The Noetic Proof

If a person doesn’t accept the principles of credulity and testimony they could always see the response that the experience created. For example if a person claims to have a religious experience but then behaves in an immoral way then it could be suggested the experience either wasn’t real or had no real impact on them. However, using James’ noetic quality as an example a religious experience will leave a person feeling sure in new ways– if a person changes their life and behaviour because of a religious experience then surely some credence should be given to that experience.

Refer back to Martin Luther King’s religious experience. How could this be shown to be noetic and thus prove the validity of the religious experience?

Read the story of Saul/Paul below. What Saul was like before the religious experience? The religious experience. What Saul was like after the religious experience? How does this evidence the noetic proof.

Meanwhile Saul, still breathing threats and murder against the disciples of the Lord, went to the high priest and asked him for letters to the synagogues at Damascus, so that if he found any who belonged to the Way, men or women, he might bring them bound to Jerusalem. Now as he was going along and approaching Damascus, suddenly a light from heaven flashed around him. He fell to the ground and heard a voice saying to him, ‘Saul, Saul, why do you persecute me?’ He asked, ‘Who are you, Lord?’ The reply came, ‘I am Jesus, whom you are persecuting. But get up and enter the city, and you will be told what you are to do.’ The men who were travelling with him stood speechless because they heard the voice but saw no one. Saul got up from the ground, and though his eyes were open, he could see nothing; so they led him by the hand and brought him into Damascus. For three days he was without sight, and neither ate nor drank.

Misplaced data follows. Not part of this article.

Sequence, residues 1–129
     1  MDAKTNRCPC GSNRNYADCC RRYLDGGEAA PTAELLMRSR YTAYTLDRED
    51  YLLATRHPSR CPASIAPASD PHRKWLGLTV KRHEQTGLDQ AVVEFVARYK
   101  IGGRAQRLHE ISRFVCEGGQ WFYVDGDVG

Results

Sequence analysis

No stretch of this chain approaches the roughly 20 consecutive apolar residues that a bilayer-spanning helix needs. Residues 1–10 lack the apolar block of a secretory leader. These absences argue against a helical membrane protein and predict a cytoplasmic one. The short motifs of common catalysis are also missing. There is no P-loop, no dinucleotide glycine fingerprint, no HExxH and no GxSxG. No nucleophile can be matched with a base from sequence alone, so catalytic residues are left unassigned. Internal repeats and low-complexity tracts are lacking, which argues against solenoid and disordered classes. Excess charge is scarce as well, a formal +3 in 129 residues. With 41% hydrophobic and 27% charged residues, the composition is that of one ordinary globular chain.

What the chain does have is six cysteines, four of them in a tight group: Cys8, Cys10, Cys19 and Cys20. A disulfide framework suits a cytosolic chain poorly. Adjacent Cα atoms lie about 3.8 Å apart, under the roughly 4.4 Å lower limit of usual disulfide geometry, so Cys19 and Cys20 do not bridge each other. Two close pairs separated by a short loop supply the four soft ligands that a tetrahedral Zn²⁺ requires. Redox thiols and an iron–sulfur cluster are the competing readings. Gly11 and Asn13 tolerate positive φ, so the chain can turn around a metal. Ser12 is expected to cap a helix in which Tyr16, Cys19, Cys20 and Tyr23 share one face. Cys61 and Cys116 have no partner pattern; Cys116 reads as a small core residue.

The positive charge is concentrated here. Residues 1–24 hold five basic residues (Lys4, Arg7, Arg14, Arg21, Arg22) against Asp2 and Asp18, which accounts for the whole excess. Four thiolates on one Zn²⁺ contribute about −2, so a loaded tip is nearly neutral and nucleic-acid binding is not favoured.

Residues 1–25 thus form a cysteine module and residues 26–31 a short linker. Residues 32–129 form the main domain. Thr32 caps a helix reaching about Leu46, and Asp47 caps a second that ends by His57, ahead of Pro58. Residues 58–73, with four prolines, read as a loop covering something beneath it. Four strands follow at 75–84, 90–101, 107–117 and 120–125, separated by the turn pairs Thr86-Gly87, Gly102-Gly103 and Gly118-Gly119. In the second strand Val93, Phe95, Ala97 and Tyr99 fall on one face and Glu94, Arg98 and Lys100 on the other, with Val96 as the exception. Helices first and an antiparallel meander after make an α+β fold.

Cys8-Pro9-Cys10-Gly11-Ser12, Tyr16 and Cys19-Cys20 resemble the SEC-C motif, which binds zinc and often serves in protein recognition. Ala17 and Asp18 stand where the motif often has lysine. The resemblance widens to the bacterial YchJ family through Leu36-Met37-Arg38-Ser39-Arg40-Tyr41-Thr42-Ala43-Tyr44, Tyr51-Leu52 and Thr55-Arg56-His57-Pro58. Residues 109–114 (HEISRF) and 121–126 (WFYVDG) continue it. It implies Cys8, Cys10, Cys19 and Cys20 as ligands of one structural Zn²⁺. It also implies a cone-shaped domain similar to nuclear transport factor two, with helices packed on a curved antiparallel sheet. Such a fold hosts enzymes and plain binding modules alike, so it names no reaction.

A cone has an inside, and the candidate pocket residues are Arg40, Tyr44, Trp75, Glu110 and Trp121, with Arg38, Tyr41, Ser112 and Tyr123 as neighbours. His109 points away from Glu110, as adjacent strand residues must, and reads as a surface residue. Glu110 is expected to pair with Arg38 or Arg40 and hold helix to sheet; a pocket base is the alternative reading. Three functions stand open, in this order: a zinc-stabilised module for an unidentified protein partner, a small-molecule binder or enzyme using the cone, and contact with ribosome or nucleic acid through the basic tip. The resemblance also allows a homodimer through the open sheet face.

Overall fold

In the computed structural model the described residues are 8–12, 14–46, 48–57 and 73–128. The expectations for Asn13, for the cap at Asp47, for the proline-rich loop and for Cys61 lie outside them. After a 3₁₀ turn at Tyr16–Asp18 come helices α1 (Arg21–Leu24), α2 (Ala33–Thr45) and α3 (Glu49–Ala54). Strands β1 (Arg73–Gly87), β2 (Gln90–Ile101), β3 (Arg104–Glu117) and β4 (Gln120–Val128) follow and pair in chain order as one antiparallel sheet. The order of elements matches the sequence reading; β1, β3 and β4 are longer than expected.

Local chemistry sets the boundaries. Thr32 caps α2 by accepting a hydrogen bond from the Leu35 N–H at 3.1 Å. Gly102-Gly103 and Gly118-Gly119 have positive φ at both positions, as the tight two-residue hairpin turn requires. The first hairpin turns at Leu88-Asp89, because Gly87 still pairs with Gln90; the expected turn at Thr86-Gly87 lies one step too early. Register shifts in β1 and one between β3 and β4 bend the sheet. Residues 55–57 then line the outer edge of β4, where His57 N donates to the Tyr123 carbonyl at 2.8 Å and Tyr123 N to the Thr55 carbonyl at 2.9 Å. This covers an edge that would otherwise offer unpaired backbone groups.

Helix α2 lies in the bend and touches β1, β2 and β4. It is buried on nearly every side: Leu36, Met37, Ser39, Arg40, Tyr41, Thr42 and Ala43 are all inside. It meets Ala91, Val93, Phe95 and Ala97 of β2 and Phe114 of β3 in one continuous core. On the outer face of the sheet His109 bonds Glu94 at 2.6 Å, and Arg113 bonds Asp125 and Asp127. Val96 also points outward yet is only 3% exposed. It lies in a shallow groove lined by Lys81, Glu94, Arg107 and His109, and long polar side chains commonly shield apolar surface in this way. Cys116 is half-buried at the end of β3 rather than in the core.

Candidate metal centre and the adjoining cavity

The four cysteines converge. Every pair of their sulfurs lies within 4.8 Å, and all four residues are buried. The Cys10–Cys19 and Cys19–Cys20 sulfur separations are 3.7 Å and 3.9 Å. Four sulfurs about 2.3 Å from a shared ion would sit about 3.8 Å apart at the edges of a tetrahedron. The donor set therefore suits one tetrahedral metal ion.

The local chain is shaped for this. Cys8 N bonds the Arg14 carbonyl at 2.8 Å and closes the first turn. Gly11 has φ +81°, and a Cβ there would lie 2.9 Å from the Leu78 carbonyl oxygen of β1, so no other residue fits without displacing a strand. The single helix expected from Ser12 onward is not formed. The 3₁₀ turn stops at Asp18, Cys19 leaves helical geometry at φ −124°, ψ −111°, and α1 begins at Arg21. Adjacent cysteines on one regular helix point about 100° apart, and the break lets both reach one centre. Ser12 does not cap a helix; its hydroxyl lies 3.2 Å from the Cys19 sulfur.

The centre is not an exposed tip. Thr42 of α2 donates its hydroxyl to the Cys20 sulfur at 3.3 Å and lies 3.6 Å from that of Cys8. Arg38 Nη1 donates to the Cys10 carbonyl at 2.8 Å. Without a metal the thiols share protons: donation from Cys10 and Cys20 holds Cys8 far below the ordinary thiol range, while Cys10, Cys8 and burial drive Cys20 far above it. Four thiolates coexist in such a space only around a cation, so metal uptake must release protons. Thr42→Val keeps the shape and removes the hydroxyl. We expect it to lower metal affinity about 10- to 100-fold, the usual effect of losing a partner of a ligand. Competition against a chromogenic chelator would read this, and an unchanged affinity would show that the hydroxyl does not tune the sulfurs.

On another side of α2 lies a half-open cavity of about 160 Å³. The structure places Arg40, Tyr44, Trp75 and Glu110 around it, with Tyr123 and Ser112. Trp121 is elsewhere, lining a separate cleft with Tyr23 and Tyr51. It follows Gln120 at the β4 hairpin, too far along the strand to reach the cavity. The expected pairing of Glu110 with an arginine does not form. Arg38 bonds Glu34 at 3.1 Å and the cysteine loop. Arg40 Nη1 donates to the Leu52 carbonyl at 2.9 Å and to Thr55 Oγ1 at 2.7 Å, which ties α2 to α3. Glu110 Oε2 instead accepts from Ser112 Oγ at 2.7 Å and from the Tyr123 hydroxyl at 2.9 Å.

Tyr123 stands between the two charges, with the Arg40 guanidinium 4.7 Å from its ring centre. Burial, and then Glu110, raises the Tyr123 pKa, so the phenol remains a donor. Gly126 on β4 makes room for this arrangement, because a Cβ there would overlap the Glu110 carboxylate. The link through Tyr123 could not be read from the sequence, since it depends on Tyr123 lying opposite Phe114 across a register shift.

ow there was a disciple in Damascus named Ananias. The Lord said to him in a vision, ‘Ananias.’ He answered, ‘Here I am, Lord.’ The Lord said to him, ‘Get up and go to the street called Straight, and at the house of Judas look for a man of Tarsus named Saul. At this moment he is praying, and he has seen in a vision a man named Ananias come in and lay his hands on him so that he might regain his sight.’ But Ananias answered, ‘Lord, I have heard from many about this man, how much evil he has done to your saints in Jerusalem; and here he has authority from the chief priests to bind all who invoke your name.’ But the Lord said to him, ‘Go, for he is an instrument whom I have chosen to bring my name before Gentiles and kings and before the people of Israel; I myself will show him how much he must suffer for the sake of my name.’ So Ananias went and entered the house. He laid his hands on Saul and said, ‘Brother Saul, the Lord Jesus, who appeared to you on your way here, has sent me so that you may regain your sight and be filled with the Holy Spirit.’ And immediately something like scales fell from his eyes, and his sight was restored. Then he got up and was baptized, and after taking some food, he regained his strength. For several days he was with the disciples in Damascus, and immediately he began to proclaim Jesus in the synagogues, saying, ‘He is the Son of God.’ All who heard him were amazed and said, ‘Is not this the man who made havoc in Jerusalem among those who invoked this name? And has he not come here for the purpose of bringing them bound before the chief priests?’ Saul became increasingly more powerful and confounded the Jews who lived in Damascus by proving that Jesus was the Messiah. (Acts 9: 1-22).